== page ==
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18 Sivan 5759 - June 2, 1999 | Mordecai Plaut, director Published Weekly








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Statistics and Numbers: How UTJ Got Its Fifth Seat
by Rav Nosson Zev Grossman

A thorough analysis of the 27,082 additional votes which strengthened UTJ in the recent elections points to the growth rates of various sectors: an increase of 11,000 in the chareidi community, 11,300 among the traditional community and in the peripheral areas, 1563 in Yesha and 3219 among the minorities, mainly Arabs. This will be detailed in the article.

The activists on the scene testify that without the hard work, even the votes which the slate had previously received in the small towns were liable to have been lost. The fact is that Shas ate away at the electoral powers of all of the parties which had formerly been supported there -- all but one, UTJ!

After many years in which UTJ did not manage to get more than its "eternal" four mandates -- a phenomenon which had already been called the "four barrier" -- the slate increased its electoral power by 25% to five Knesset seats. Since the results were announced, many have wondered: from where did these additional votes spring?

As expected, many diverse questions are asked and sundry and peculiar "statistics" which weren't examined in a thorough manner, are brandished. Every activist, and every observer, not to mention the more senior personnel, cites numbers off the bat. However a thorough review of the voting and an analysis of its implications will enable us to summarize the results and to draw conclusions for the future.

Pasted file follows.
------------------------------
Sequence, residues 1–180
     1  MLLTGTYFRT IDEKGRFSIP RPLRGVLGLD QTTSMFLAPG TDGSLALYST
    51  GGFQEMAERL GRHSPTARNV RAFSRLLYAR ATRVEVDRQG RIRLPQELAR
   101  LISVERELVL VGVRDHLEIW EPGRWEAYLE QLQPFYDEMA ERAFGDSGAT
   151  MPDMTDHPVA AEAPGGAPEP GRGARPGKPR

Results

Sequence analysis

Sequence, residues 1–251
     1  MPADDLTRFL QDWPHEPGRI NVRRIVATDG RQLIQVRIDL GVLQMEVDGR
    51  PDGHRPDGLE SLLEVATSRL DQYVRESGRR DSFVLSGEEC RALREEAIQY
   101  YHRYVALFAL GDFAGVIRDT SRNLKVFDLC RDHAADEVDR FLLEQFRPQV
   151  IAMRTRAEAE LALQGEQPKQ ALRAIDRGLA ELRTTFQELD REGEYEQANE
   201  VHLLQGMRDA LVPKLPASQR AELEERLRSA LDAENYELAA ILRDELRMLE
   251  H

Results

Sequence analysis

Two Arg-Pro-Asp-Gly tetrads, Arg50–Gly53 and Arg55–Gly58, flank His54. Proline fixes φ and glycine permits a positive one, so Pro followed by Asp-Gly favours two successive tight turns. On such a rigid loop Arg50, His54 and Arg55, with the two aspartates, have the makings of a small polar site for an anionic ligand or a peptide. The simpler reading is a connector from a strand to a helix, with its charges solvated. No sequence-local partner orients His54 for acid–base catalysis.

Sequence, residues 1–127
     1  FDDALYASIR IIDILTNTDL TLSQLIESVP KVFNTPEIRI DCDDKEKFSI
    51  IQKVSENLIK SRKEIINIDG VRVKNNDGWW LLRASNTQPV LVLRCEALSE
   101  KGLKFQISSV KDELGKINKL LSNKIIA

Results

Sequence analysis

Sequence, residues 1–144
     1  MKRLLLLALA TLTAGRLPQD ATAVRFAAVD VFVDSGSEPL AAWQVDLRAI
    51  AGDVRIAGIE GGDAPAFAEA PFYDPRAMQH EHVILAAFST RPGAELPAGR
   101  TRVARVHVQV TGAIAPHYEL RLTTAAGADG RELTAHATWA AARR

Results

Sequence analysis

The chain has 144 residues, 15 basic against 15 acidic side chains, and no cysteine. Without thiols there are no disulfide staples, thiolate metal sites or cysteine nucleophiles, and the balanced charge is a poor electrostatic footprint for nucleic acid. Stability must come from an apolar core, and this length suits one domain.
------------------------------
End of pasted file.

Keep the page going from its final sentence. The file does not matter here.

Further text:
In the last elections just three years ago in 1996, UTJ received 98,657 votes and this time it received 125,741 -- indicating that currently there are 27,084 new constituents. In order to ascertain where these votes came from and how they were secured, we must, first of all, describe the various regional voting segments and patterns.

As is known, UTJ derives its electoral power from two main population segments. The "hard kernel," from which it is clear that the majority of the votes come, is of course the chareidi community, which identifies in full with the party and its ideas and is loyal to the call of gedolei Yisroel. An additional sector which supports the slate includes the residents of what we will call "the peripheries" (peripheral to the religious community) by which we mean the traditional or even non-religious neighborhoods in cities, the small towns and the development towns throughout the country.

These are in all cases communities that are not chareidi. These voters are mainly of Sephardic origin and they can be won over only by means of much activity and persuasion. That's how it was in every election campaign, and especially in the current one in which Shas got the majority of the votes of this community, eating away at the electoral support of the parties which had formerly gotten the votes of this electoral sector and had fought for its votes. This is mainly the Likud. The only exception of a party that did not lose to Shas in these areas was UTJ which preserved its electoral power and even increased its support. We shall discuss this further, later on.